Wednesday 19 June 2013

Bradford's women mean business!

At the latest workshop participants from Manningham Youth Project successfully interviewed and photographed three of Bradford’s most successful women  – Usha Parmer, Anita Rani and Naveeda Ikram.

Usha Parmer, Chief Executive of the award winning Sunrise Radio, provided an in-depth interview about her experience as a South-Asian woman. Her involvement in Bradford began when she was given the opportunity to run Sunrise Radio for six months but for Usha six months turned into a year which turned into twenty four years and she has “thoroughly enjoyed it”. Although it was challenging job for Usha, some of her earliest memories of Bradford are about how the South Asian community provided her with a close-knit community making her feel “like you were part of a family”. Usha also went on to say the South Asian community “have contributed a lot, not just to Bradford, but to the country itself”.

Next to be interviewed was Anita Rani (from BBC’s The One Show). Unfortunately, Anita was unable to come to Bradford in person so the interview was conducted online via Skype! Although Anita now lives in London she emphasised how she is “a Bradfordian through and through”. She told the group a lot about what Bradford meant to her when she was younger and how there was a strong sense of community in Bradford. In her view the South Asian community “are the backbone of Bradford”. Anita took the group on a mini ‘virtual tour’ of her house where she showed them a 1940s poster of the route from London to Yorkshire revealing that, not only does she have roots in Bradford, but she also has a poster of the route to Bradford! Anita ended her interview expressing her passion for Bradford saying “Bradford gave me everything, the most inspiring and creative city…I am proud, PROUD to be from Bradford.”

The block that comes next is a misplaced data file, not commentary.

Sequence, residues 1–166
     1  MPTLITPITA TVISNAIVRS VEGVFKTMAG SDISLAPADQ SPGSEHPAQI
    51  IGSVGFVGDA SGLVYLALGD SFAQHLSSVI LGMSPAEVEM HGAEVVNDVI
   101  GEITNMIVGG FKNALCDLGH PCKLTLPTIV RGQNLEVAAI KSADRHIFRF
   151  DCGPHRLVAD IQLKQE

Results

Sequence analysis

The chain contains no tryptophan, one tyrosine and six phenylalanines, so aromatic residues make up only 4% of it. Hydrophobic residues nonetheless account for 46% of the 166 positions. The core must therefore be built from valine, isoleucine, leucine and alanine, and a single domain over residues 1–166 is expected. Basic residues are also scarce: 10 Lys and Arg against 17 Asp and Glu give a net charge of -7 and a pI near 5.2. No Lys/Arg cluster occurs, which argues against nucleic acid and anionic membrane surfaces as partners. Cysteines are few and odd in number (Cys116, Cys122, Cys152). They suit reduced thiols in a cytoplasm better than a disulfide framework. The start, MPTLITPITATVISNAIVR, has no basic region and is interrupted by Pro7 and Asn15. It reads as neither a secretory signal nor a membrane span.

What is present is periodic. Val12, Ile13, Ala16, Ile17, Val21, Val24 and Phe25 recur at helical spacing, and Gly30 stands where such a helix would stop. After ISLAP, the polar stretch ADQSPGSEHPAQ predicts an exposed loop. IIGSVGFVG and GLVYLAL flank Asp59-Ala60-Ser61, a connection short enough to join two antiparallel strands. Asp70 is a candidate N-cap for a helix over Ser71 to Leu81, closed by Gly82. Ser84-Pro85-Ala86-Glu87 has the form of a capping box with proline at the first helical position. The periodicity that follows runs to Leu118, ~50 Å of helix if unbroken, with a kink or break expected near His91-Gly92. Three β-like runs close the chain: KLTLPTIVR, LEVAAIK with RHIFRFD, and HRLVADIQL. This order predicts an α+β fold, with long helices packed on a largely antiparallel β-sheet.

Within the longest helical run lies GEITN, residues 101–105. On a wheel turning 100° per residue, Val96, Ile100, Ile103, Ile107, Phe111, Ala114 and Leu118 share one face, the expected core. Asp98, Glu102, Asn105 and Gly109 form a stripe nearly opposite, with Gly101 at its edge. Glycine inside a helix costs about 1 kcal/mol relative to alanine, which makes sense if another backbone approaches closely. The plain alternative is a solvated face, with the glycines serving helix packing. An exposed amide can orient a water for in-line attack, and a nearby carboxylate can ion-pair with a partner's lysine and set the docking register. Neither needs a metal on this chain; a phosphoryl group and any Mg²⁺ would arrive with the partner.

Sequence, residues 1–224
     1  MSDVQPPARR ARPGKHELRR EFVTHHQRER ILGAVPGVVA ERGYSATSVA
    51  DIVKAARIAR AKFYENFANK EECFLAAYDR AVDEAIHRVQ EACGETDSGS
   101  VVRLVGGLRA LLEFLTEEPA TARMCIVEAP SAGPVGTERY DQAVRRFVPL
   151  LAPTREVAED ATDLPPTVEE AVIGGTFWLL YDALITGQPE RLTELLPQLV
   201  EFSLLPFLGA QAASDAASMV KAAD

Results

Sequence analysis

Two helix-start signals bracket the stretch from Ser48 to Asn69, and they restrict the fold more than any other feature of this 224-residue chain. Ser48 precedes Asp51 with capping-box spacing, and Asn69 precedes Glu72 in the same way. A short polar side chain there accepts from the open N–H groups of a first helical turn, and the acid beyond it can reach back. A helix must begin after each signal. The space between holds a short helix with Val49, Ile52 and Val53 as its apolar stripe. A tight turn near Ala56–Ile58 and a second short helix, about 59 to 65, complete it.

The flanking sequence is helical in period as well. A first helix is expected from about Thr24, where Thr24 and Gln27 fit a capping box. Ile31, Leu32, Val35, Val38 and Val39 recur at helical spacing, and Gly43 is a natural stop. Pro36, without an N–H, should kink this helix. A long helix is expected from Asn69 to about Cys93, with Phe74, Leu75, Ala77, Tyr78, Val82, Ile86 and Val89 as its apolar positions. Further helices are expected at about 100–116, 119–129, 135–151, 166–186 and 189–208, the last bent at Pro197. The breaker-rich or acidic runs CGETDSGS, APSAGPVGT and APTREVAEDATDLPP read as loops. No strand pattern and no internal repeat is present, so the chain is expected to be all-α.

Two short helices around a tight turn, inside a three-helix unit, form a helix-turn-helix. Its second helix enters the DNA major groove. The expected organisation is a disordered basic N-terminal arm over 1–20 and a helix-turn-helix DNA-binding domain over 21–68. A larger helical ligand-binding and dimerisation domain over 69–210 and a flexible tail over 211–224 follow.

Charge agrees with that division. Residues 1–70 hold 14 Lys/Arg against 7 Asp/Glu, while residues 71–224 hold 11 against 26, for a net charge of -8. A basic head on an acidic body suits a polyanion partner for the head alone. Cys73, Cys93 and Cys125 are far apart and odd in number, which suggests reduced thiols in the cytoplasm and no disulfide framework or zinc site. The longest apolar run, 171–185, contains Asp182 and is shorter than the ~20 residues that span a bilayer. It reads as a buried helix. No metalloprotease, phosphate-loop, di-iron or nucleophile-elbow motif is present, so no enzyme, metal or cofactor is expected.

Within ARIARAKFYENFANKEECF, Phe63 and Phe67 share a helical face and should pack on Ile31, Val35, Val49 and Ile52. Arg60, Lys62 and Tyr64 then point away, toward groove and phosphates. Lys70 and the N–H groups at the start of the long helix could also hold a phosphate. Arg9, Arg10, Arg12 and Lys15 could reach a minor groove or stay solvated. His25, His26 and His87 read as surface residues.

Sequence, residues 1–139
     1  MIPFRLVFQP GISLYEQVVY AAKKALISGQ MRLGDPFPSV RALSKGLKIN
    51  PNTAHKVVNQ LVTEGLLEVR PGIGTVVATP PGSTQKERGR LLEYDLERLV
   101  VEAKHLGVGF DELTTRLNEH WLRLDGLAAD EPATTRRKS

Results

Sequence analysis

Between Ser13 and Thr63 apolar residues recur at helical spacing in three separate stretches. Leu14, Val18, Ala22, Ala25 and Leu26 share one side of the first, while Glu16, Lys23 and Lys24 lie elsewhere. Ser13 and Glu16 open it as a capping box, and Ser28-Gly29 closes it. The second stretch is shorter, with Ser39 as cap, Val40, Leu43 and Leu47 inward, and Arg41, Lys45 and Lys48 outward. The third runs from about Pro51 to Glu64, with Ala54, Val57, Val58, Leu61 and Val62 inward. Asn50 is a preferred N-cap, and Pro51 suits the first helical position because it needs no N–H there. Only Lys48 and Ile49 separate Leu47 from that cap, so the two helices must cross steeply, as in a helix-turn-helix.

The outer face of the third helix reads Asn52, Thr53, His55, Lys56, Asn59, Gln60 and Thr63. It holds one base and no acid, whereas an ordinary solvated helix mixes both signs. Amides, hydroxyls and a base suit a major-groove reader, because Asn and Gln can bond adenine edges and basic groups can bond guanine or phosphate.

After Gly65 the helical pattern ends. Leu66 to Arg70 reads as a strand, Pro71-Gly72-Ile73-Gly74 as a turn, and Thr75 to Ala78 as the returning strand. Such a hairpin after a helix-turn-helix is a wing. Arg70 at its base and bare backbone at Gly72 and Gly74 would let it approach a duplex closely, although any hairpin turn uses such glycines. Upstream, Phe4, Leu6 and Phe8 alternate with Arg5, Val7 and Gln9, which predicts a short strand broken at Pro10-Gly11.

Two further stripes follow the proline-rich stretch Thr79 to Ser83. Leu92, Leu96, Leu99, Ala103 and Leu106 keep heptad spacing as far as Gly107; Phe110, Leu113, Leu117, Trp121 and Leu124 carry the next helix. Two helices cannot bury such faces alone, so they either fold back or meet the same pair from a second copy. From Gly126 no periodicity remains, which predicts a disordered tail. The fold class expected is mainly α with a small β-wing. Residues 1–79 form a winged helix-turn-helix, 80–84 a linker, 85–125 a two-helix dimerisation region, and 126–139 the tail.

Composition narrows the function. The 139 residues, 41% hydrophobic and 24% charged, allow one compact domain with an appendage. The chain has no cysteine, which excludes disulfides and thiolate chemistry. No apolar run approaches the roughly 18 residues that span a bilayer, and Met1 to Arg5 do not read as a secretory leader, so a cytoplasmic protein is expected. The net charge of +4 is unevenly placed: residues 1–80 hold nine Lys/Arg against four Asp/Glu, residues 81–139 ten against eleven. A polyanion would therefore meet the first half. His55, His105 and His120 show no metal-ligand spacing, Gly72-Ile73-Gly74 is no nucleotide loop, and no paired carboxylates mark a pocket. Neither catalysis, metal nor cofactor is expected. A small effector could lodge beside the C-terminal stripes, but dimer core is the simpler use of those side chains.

The workshop finally ended with Naveeda Ikram, the first female Muslim Lady Mayoress, provided us with an insightful view on her connections to Bradford. Although she wasn’t born in Bradford, her father’s work brought her and her family to the city. Naveeda brought along a medal which is important, not only to her, but to British history as it celebrates her role as the first Muslim Lady Mayoress. This position allowed her to change public perceptions of Muslim women and show what South Asian women can cheive in public life. Naveeda remains a social activist and is now the first Muslim female director on the Council of Mosques in Bradford.

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